It is really, really hard in modern society to keep yourself focused. We have social media to blow our time on, the endless depths of the internet to read, meetings upon meetings at work, and thousands of messages in Slack to keep up with. Getting things done and being productive for 3 or 4 hours of a work day often seems like a huge moral victory and getting anything at all done in your personal time seems like an impossibility. How do you stay engaged with things you need to get done or living your life in any semblance of someone who is accomplished?
Figure Out Your Flow
Back in 2006, Time Magazine published a cover story on Night Owls and Morning People. I tend towards Morning Person tendencies so it is kind of terrible that I usually write on this here site in the evenings. It’s often a slog, but if I write in the mornings I’m a machine. Your own flow is unique. Figuring out when you’re productive and choosing to protect those times is a big deal.
Prioritize and Ruthlessly Cut Scope
You need a system. If you don’t have a consistent way of approaching the things that you want to accomplish and figuring out how important they are, you’ll be stuck and drowning in the mental anguish of having a gajillion things to do. I call mine The Tracking System. Don’t be afraid to say no to yourself. Don’t be afraid to tell yourself that was a bad idea and not worth pursuing.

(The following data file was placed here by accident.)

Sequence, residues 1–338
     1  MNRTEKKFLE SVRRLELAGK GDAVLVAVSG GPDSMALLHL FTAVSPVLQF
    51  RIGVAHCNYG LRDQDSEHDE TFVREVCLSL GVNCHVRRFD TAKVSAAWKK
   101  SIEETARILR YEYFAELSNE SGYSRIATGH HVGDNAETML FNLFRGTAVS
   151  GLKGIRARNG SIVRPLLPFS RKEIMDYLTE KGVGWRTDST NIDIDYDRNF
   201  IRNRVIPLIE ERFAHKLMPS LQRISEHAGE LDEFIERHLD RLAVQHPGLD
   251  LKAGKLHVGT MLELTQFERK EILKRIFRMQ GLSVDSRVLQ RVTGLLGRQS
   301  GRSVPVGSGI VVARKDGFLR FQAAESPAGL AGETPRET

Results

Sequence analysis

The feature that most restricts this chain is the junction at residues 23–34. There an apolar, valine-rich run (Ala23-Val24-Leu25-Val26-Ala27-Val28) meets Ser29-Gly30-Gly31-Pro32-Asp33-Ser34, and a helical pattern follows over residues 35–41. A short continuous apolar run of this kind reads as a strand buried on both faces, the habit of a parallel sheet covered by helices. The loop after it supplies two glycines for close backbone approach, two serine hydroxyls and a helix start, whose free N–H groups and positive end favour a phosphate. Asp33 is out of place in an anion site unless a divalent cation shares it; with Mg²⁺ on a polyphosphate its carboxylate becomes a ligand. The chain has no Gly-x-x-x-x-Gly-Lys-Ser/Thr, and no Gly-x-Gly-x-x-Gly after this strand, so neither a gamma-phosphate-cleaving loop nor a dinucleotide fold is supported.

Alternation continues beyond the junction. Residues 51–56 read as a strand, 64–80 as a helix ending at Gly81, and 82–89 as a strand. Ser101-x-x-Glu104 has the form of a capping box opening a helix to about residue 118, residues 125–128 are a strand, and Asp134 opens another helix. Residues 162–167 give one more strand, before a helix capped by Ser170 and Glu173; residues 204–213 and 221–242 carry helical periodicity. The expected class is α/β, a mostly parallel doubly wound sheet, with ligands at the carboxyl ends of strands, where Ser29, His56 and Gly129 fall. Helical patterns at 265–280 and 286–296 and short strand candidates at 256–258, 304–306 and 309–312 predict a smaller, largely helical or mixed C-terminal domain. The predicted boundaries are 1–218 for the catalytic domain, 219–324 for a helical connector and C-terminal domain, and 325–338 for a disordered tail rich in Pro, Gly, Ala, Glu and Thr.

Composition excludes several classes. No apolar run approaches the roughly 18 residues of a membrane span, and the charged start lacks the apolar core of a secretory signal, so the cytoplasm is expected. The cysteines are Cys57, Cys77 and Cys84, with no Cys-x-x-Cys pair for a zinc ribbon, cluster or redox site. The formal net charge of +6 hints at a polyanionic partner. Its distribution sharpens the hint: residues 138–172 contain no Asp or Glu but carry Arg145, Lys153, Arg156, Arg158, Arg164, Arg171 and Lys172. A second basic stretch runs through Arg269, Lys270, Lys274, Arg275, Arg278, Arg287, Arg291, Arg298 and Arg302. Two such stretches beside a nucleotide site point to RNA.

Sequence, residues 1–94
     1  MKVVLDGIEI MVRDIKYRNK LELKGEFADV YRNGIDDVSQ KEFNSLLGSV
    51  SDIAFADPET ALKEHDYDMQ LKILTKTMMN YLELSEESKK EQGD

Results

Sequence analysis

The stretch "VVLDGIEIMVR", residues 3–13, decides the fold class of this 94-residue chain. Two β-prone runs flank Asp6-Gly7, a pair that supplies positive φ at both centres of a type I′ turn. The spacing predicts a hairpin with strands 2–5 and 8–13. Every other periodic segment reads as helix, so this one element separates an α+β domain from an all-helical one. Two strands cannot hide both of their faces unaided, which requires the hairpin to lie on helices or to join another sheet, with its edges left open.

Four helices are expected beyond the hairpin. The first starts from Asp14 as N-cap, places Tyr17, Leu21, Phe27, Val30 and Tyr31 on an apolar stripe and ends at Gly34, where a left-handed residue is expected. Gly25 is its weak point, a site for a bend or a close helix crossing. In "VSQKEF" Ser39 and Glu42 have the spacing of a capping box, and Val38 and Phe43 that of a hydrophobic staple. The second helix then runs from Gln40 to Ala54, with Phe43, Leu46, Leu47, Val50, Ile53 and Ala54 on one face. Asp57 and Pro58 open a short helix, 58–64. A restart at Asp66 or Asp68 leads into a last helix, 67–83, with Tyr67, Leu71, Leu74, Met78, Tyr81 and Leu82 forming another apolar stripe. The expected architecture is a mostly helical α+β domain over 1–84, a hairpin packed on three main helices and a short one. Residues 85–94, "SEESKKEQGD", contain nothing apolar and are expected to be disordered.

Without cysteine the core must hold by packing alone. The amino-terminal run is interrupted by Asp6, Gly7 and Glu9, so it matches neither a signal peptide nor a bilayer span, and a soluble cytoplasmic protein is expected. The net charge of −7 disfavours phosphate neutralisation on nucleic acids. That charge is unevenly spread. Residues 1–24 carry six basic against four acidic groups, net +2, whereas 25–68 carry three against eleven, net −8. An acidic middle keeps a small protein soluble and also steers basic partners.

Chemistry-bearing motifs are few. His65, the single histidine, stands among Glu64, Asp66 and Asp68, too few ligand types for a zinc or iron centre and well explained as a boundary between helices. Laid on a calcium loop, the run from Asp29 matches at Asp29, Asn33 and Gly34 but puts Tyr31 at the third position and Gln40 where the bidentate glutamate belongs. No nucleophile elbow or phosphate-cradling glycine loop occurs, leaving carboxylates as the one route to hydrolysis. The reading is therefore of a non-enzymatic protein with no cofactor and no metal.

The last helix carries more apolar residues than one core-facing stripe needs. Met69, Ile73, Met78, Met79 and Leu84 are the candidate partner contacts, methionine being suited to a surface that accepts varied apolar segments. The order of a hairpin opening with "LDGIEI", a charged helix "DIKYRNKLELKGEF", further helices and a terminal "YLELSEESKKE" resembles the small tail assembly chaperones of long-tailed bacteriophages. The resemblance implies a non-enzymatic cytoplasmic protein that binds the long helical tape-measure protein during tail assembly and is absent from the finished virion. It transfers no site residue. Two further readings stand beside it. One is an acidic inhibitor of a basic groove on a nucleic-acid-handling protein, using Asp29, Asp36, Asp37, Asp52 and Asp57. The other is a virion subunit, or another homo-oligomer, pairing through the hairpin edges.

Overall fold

I’d often get status updates from Engineers that they are currently working on this, that, and the other. Impossible. Not only does this feel overwhelming while you spin around in a circle of half-finished things, it doesn’t reflect reality. Unless you’ve figured out how to clone yourself (if you have, do tell), you can only actually work on one this, that, or the other at a time. Focus on that this. Get it over the line. If you’re blocked by something on this, go to that. Finish that. Then go back to this. Lost? That’s because I made you multi-task. Don’t do that to yourself!
Throw Away The Remote When Necessary
Media is a time suck. The Bachelor, celebrity gossip, car videos, memes, video games, all of these vie for your attention, and often win out. I have an awful habit of trying to watch every single minute of San Jose Sharks Hockey. During the 9 months of hockey season that’s an hour every other night, where I will turn on the TV even if I have things to do that are way more important. Don’t get me wrong, rest and relaxation are crucial to productivity, but know when you’re just throwing away your time.
Silence your phone. Close all those tabs. Turn off the TV. Set a timer for 25 minutes and then…
… take a short break. A gentleman by the name of Francesco Cirillo pioneered the “Pomodoro Method”. It involves setting a timer for 25 minutes (or 50 if you’re ambitious), focusing on a single task for that time (logging distractions you come across along the way), and to keep going on the original task until time is up at which point you *TAKE A BREAK. Get up. Walk. Get a drink of water. Stepping away from a problem often helps you approach it from a different angle and working in sprints often helps you get things done faster overall without burning yourself out.
Go forth and be productive!